facilities will result in improved water quality and millions
of dollars in savings for Pico Water District customers. Under
the terms of the agreement, WRD will provide nearly $4.3
million in reimbursements for equipment to remove per- and
poly-fluoroalkyl substances (PFAS) detected in the groundwater
supply. Scientific studies indicate that exposure to PFAS over
certain levels may result in adverse health effects.
The recent rainfall has offered Mendocino County some respite
from the drought, bringing many communities out of a crisis
situation. But it’s still not clear for how long. Now
communities throughout the county are using this breathing room
to make their water systems more resilient to drought before
next summer. That includes re-establishing a standalone county
A private water company in the Santa Cruz Mountains that
residents are concerned has exposed them to unsafe drinking
water in the last year has been fined $21,000 by the California
State Water Resources Control Board Division of Drinking Water.
… For the last year, nearly 500 of Big Basin Water Company’s
customers have dealt with repeated water outages and boil
advisories. During an outage, outside contaminants can make
their way into a water system and boil advisories are typically
issued until the utility company’s tests show the water is safe
to drink again.
Crescent City’s water and sewer customers who didn’t pay for
their water over a 15-month period during the pandemic will
likely have those delinquent notices waived. From March 4, 2020
to June of this year, there were 334 accounts past due, for a
total of $71,984.60. … On November 15, the city council
authorized City Manager Eric Wier to apply for funding to pay
off those bills. The funding will come from $985 million that
the State of California received under the American
Rescue Plan Act passed by Congress in March.
The Placer County Water Agency entertained dozens of guests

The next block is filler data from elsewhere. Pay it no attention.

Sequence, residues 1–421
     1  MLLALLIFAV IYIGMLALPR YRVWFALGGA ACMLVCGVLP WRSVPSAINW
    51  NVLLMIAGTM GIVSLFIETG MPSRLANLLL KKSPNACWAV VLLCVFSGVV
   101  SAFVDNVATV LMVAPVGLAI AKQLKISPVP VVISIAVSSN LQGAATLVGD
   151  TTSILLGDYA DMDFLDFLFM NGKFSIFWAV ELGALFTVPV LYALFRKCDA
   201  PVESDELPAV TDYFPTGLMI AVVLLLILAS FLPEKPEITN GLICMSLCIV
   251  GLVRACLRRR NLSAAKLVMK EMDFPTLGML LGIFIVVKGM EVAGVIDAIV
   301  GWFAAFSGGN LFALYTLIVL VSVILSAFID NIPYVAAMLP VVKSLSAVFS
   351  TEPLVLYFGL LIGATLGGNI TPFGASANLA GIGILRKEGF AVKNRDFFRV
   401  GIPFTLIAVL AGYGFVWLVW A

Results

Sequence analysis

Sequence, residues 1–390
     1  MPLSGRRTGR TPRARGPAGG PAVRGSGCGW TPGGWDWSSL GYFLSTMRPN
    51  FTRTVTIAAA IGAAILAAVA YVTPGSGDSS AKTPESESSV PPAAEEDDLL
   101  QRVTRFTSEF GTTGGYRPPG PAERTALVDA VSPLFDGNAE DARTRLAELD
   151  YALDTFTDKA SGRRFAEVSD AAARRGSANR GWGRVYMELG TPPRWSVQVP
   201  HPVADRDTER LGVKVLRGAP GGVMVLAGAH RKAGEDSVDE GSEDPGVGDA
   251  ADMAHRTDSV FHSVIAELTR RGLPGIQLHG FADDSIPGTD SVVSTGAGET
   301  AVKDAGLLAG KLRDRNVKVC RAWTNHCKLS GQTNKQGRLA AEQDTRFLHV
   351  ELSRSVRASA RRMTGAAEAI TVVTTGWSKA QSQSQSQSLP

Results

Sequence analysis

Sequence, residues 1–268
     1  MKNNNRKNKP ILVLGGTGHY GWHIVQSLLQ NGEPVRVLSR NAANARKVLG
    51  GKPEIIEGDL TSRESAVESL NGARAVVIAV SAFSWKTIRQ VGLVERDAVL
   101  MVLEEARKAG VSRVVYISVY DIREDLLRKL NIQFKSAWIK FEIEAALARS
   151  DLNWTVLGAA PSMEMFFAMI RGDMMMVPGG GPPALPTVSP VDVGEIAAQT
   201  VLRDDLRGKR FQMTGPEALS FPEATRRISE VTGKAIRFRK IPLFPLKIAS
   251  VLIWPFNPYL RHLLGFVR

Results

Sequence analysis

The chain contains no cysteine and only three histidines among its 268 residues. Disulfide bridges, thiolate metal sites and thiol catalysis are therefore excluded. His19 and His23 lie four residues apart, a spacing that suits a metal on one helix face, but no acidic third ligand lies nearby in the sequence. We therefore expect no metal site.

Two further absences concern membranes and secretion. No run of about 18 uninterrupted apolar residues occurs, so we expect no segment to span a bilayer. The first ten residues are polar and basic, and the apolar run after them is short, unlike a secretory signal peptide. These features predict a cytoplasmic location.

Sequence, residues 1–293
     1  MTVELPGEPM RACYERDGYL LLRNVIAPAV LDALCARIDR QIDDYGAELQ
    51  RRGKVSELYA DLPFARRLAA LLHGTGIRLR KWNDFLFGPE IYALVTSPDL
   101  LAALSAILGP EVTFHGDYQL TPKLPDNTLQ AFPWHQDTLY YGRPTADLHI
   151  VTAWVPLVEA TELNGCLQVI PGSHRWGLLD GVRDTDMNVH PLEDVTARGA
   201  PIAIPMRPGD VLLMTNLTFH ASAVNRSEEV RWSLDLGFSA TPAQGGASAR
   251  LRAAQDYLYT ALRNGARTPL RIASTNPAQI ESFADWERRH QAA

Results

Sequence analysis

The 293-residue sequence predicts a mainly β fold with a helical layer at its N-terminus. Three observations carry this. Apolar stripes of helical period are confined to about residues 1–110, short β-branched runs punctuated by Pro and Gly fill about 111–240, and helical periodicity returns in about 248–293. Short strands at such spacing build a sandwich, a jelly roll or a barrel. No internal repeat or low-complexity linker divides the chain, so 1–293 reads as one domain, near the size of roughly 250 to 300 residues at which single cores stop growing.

Nov. 4 for tours of its Ophir Pump Station and, a short drive
away, the Foothill Water Treatment Plant in Newcastle. There
were pastries and beverages at the Ophir Station and gift bags
at Foothill. Presentations were made, pictures taken, questions
asked and speeches given – all with beaming smiles, and reason
Eight miles of abandoned telephone cable laid off the West
Shore of Lake Tahoe were ordered removed under a settlement,
according to a federal court decree. Pac Bell stopped using the
cables in the 1980s. In a suit filed by California Sportfishing
Protection Alliance, the cables are leaching lead into the
lake. Besides concerns over the lead in fish, the lake is a
source of drinking water for residents living along its shores.
Colusa County will receive $718,750 in funding from the
Department of Water Resources for a bottled and hauled water
project through a fourth round of funding from DWR’s Small
Community Drought Relief program as part of its continuing
effort to address drought impacts across the state.
In Boulder Creek, a small community nestled deep in the Santa
Cruz Mountains, frustration over an unreliable water supply is
growing. … For the past year, nearly 500 residents in Boulder
Creek under the privately-owned Big Basin Water Company have
dealt with repeated water outages because of an aging and
deteriorating water system. The residents said they also
deal with delays in being notified they must boil their water
when service resumes, according to the Parks and Apostol.
Sometimes, they say, they don’t get a “no boil advisory”
notification for more than 24 hours.
The global water desalination equipment market size is
expected to reach USD 22.79 billion by 2028, according to a new
report by Grand View Research, Inc. It is expected to expand at
a CAGR of 7.1% from 2020 to 2028. Increasing water scarcity,
depletion in freshwater reserves, and fast-paced advancements
in desalination technologies are anticipated to have a positive
impact on the market growth.
Water systems in many small communities across Central
California are due for improvements to meet new standards and
deal with the drought, including Pixley in Tulare County.
… The agency announced its 4th round of funding support
through the Small Community Drought Relief Program. It’s